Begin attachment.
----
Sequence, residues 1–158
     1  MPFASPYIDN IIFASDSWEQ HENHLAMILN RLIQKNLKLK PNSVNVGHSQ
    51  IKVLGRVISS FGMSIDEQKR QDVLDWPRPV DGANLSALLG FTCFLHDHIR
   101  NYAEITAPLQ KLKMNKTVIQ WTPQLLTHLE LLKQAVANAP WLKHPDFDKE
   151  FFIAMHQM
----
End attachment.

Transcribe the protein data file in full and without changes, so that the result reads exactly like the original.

Sequence, residues 1–158
     1  MPFASPYIDN IIFASDSWEQ HENHLAMILN RLIQKNLKLK PNSVNVGHSQ
    51  IKVLGRVISS FGMSIDEQKR QDVLDWPRPV DGANLSALLG FTCFLHDHIR
   101  NYAEITAPLQ KLKMNKTVIQ WTPQLLTHLE LLKQAVANAP WLKHPDFDKE
   151  FFIAMHQM